Patient Voice in RWE: generating evidence that will impact payer and HTA decision-making

Patient Voice in RWE: generating evidence that will impact payer and HTA decision-making

With the rise of patient-centered medicine and accelerated approvals, health technology assessment (HTA) bodies and payers are looking to real-world evidence (RWE) to strengthen evidence packages and reduce uncertainties at the time of launch.

Increasingly, stakeholders are recognizing the importance of RWE that incorporates patients’ real-world experiences in understanding what treatments work, and for whom, in clinical practice.

Real-world evidence is generated through applying data science to real-world data (RWD), or data “relating to patient health status or the delivery of healthcare routinely collected from EHRs, claims, registries, patient-reported outcomes, devices/applications, etc.” Decision-makers are exploring how this evidence can supplement clinical trials and provide additional context on the effectiveness of therapies.

There is some overlap between patient experience data, which provides information about a patient’s experience with a disease or condition, and real-world data (RWD), however, they are not one and the same. For example, patient-reported outcomes (PROs) collected in an electronic health record (EHR) would be considered both RWD and patient experience data, however, lab test results in the medical record would be considered only RWD. As personalized medicine continues to gain traction, decision-makers like ICER, FDA, NPC, EMA, EUNetHTA, and EHDEN are calling for patients’ voices to be included in the drug development and assessment process. Such information – direct input from patients on how they feel and function is often lacking from RWD sources, and FDA and EMA identified such missing data as problematic for interpretation.

We spoke with Ashley Jaksa MPH, Scientific Partnerships Lead, Aetion and Chung Yen Looi, DPhil Partnerships Director, Monsenso, about the evolving landscape of patient experience data and how biopharma organizations can incorporate the patient voice into their RWD and RWE programs.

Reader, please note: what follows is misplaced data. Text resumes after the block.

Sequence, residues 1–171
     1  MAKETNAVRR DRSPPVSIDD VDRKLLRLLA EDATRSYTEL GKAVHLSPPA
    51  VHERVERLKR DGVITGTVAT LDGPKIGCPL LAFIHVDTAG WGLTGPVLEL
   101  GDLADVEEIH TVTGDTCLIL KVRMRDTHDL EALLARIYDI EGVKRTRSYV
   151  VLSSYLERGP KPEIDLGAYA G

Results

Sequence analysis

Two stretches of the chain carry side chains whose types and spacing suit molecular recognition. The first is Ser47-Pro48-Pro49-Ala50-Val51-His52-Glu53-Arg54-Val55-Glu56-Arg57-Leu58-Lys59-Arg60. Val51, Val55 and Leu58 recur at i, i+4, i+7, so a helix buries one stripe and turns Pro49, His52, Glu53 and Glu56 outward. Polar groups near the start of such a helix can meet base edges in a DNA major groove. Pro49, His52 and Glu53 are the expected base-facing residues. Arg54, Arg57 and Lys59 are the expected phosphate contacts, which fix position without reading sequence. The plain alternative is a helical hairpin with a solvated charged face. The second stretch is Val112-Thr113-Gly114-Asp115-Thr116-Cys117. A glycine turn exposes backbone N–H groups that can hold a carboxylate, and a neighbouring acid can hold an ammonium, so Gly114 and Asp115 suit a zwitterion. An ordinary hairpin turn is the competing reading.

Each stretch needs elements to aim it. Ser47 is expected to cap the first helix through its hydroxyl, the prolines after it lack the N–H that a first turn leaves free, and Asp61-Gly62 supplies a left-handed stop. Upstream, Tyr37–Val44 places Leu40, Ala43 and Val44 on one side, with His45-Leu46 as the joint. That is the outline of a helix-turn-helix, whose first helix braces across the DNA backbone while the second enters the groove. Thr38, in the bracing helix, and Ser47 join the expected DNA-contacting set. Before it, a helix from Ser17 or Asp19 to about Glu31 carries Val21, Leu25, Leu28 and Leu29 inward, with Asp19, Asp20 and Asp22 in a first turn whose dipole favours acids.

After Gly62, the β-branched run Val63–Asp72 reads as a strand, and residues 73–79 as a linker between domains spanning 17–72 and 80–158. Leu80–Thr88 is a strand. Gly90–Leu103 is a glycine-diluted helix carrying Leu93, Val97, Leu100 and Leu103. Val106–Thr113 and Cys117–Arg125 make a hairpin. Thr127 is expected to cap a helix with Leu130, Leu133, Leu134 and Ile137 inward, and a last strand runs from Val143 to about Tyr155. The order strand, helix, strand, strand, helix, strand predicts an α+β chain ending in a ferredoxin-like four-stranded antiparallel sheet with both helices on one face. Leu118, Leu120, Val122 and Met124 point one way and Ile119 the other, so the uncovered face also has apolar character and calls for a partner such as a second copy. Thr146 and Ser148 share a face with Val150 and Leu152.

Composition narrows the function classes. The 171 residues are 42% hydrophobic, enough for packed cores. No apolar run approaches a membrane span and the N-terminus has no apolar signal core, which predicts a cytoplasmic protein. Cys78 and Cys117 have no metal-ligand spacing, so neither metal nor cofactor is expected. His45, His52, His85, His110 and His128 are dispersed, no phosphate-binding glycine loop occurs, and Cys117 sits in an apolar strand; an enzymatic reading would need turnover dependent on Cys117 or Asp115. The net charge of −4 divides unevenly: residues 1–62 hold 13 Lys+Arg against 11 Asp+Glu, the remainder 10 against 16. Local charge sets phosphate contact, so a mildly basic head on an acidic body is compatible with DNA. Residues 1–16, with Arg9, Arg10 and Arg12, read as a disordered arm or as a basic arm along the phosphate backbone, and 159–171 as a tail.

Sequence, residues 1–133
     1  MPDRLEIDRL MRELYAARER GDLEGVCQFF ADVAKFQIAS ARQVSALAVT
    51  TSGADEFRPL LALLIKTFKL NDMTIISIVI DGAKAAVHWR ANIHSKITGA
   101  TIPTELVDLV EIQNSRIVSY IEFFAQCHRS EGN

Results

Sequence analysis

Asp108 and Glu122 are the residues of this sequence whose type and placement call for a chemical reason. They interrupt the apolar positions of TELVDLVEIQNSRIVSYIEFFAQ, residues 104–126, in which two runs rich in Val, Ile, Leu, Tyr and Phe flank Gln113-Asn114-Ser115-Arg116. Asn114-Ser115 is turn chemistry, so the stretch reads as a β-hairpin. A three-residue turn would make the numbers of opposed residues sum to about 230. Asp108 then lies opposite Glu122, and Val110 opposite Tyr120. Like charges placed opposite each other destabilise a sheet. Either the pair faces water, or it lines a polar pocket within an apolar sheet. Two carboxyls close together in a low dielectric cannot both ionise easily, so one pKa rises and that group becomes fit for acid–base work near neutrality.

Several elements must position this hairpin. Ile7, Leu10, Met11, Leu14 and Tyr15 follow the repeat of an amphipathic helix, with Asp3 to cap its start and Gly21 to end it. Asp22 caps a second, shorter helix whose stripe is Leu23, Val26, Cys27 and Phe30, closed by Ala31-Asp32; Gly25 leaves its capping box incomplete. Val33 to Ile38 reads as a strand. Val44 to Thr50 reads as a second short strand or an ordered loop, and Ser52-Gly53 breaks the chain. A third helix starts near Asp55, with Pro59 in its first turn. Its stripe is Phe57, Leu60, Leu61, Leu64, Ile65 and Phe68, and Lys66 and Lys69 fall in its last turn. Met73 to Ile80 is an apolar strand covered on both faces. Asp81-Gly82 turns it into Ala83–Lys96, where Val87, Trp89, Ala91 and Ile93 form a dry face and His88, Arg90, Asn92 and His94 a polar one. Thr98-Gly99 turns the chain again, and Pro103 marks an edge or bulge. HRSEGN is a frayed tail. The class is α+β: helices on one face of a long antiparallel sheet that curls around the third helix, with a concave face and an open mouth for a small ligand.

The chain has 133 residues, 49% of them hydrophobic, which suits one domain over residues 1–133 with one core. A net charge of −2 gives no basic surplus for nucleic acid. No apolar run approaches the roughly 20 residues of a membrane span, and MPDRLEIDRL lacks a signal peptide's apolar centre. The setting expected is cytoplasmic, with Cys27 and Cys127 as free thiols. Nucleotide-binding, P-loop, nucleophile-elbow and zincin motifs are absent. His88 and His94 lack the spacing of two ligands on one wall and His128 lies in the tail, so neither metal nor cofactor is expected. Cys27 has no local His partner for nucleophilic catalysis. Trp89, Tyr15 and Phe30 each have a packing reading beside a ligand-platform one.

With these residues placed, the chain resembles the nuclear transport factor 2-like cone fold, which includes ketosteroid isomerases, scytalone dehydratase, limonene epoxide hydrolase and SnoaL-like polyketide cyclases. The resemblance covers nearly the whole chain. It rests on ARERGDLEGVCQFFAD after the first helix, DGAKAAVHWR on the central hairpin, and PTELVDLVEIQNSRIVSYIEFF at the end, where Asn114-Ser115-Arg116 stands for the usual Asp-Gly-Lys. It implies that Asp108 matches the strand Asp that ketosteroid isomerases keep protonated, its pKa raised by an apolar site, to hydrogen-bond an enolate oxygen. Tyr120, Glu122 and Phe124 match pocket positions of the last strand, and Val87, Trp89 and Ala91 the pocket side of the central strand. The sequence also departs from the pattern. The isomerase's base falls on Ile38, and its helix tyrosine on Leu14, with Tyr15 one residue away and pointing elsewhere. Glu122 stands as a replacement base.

Q: Ashley, can you tell our readers a little more about what Aetion does? 

AJ: Aetion is a healthcare technology company that uses routinely collected health care data to generate RWE on the safety and effectiveness of medical treatments and technologies. We were founded by Harvard epidemiologists to develop a way to conduct scalable and transparent RWD analyses at the highest level of scientific rigour. Our RWE analytics platform helps biopharma organizations, regulators, HTAs, payers, and other researchers generate RWE to inform decisions on the safety, effectiveness, and value of medical interventions across the product lifecycle. Our platform is data fluent, meaning it can analyze almost any type of RWD, and we often work with our customers and partners to identify the most fit-for-purpose data set for their research question.

Q: Why is the patient experience important for biopharma to understand, and where in the drug development lifecycle is it most important to integrate patients’ voices? 

CL: I think we can all agree that pharma and its stakeholders want to develop safe and effective drugs and bring them to market, to improve patients’ lives. As such, asking patients directly about how a drug impacts their lives is critical. Without the patient voice, we will never know how patients experience therapies in the real world, and how medical interventions could make a meaningful difference to their lives. Capturing and incorporating the patient voice across the product lifecycle can help biopharma companies to better understand the real-world impact of their drug, treatment responders, and meaningful endpoints based on a wider, representative population, in a quick and cost-effective way. 

AJ: Similar to RWE, patient experience data is important in almost all stages of the product lifecycle—not just as a post-marketing exercise. For example, understanding the treatment pathways and patient experiences on first-line therapies can help shape what comparators and outcomes should be captured in future randomized controlled trials to differentiate the drug in the market.

Q: How can incorporating the patient voice improve market access?